The fact that Rosenfeld also had started as a tailor in his earlier life ought of course also to be mentioned. But Ritterband’s early expoasure to the powerful influences of chassidic and “chazones” (cantorial) music certainly played a formative role in his creative development. At the same time it is noteworthy that he was already 39-years old when the musical “bug” first hit him hard; producing some 40 songs in just a 7-month period! 

Kletzmerduo  - Ann-Maj-Brit Fjord & Henrik Bredholt

Itzik! Shpitsik! 
Vos shvaygstu mit dem shmitsik? 
Oyf di klezmer tu a geshrey: 
Tsi shpiln zey, tsi shlofn zey? 
Rayst di strunes ale oyf tsvey! - 
Di mizinke oysgegebn!

Be that as it may, it is clear that by 1932 he had turned this significant gift into a side-vocation as composer and lyricist. However, unable to read or write musical notes (though he played the piano and mandolin) it became his habit to telephone his friend, the Synagogue’s choirmaster and superb musician, cantor Max Beresowski, whistling the freshly acquired melody for Beresowski’s immediate transcription of the tune.

Lea remembers especially one late evening when a melody suddenly “came” to her farther and half-dressed rushed off for a taxi to Beresowski’s apartment humming all the while so as not to loose the melody.

In later years his other daughter, Eva, was to be the note transcriber. By the mid-thirties, he was already far along in his career as a recognized composer, his tunes and lyrics a favorite staple at local Jewish festivities—often to be sung by my father, Eugene Goldberger, a chief cantor in the Great Synagogue of Copenhagen (between the years 1934 and 1946.

For example, my father was featured with “ a medley of Ritterband’s songs” at a special festive occasion honoring the great Yiddish scholar and a founder of YIVO [Institute for Jewish Research] Max Weinreich (1894-1969) who left his 6-month refuge in Denmark for the larger and safer Jewish world of America.

Like most of the Jews of Denmark Ritterband fled to Sweden in 1943, enduring a most stressful escape experience while also suffering from injuries sustained in car accident some few years earlier. Tragically, he was not to survive his injuries and died in 1944, only 52 years of age while still in Sweden. As was his wish, his grave was transferred to Copenhagen after the war next to his parents.

Unfulfilled were his grand plans for composing the music to the legendary folktale, the Dybbuk—the story that years later was to inspire the ballet by Leonard Bernstein and Jerome Robbins.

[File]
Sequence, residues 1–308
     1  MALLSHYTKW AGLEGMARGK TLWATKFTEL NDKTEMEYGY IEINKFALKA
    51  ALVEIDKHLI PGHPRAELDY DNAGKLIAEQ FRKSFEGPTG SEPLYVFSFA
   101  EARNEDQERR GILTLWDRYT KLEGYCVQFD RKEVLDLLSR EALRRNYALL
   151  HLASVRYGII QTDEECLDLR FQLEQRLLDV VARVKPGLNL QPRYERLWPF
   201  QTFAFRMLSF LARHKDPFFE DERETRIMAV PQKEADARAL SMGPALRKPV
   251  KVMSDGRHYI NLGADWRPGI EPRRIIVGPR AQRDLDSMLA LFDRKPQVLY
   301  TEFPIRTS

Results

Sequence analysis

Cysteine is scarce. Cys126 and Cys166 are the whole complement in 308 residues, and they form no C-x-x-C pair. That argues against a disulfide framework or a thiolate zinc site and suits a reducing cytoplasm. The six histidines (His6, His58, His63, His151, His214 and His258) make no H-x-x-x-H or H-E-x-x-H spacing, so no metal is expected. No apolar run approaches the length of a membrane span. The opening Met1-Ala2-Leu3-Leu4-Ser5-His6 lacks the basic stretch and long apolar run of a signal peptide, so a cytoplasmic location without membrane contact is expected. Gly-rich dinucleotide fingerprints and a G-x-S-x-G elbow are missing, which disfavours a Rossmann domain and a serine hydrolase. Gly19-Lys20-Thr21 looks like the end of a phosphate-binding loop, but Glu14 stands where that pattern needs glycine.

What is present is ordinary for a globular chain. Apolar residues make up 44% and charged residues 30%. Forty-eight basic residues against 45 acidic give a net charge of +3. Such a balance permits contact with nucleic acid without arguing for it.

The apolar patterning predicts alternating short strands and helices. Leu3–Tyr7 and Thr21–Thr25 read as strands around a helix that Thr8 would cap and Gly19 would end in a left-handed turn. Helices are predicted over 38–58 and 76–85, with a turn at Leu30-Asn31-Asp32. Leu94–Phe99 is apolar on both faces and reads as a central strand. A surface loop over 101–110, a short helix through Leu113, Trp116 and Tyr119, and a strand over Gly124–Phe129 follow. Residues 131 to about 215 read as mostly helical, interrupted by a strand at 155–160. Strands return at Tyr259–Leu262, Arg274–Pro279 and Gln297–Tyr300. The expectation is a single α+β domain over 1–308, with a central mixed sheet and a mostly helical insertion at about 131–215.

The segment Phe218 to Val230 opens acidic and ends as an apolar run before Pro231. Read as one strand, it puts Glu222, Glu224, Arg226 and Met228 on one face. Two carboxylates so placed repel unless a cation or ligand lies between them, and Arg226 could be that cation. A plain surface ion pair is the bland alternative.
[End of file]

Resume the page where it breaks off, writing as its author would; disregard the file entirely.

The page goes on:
It seems rather remarkable that a contribution to the rich cultural heritage of Yiddish culture should have come from someone who had spent most of his adult life on Danish soil, within a context of the landed gentry of old-line Danish Jews (the so-called “Viking Jews”) who were not especially hospitable to the influx of their Eastern European brethren with their cultural traditions of the insular sthetel life style.

They wanted everyone to quickly integrate into Danish society in terms of language and cultural ways so as to avoid any upsurge of anti-Semitism. To the great credit and courage of the so-called Russian emigrants of that period, they paid no heed to this pressure—and instead produced an enviable record of Yiddish-inspired cultural achievements that in the next generation eventually found an outlet and recognition within Danish society at large. 

On a personal note, I can still recall my father getting a phone call from Chaim Ritterband announcing a new melody that had very recently come into Ritterband’s consciousness and which he wished my father to hear. They, along with a mutual friend, Yiddish author Pinches  Welner, (another worthy icon of Yiddish culture of Denmark) met for coffee a few hours later at a café on the second floor on the corner of Strøget (the well-known walking streets) facing Copenhagen’s Town Hall Square.

This was just a few months into the German occupation in 1940 and German soldiers were everywhere to be seen. In the café Ritterband, in a low voice, hummed his latest song, the refrain of which went: “Ej diridom, diridom, ej diridon, ej dej diri diri dom…” which my father quickly transcribed at the table. 

As they departed and went for their bikes at the sidewalk they were in for a most frightening experience: a German officer stopped them, blew his whistle to summon a nearby Danish policeman.

Instructed to arrest the three Jews, the police were taken to jail where they spent a fitful night in separate cells. They were presented in court and accused of plotting an anti-German bomb attack. It seems a Danish informer sitting at a nearby table in the café had overheard parts of their conversation -- especially the repeated word “dom” that sounded like the German “bomb”. 

It was not until the Gestapo ransacked the homes of the three suspects in search of incriminating materials, were they finally released. This incident, detailed in Pinchas Welner’s Memoirs [Fra Polsk Jøde til Dansk, Hasselbach, 1965, pp. 197-203) was perhaps the first anxiety-provoking wake-up call in the Jewish community of the persecution to come in 1943. 

*Adapted in part from Morten Thing’s comprehensive book on the history of the so-called Russian Jews of Copenhagen, published in Danish, entitled De Russiske Jøder I København 1882-1943, Gyldendal, 2008. 

My thanks also to an article (“He was called the “tailorcomposer” ) that appeared in the Danish Jewish community paper (JO) of Oct. 1986 by Lea Hacker, Ritterband’s daughter and to his granddaughter Susan for alerting me to the Klezmerduo recordings.

Leo Goldberger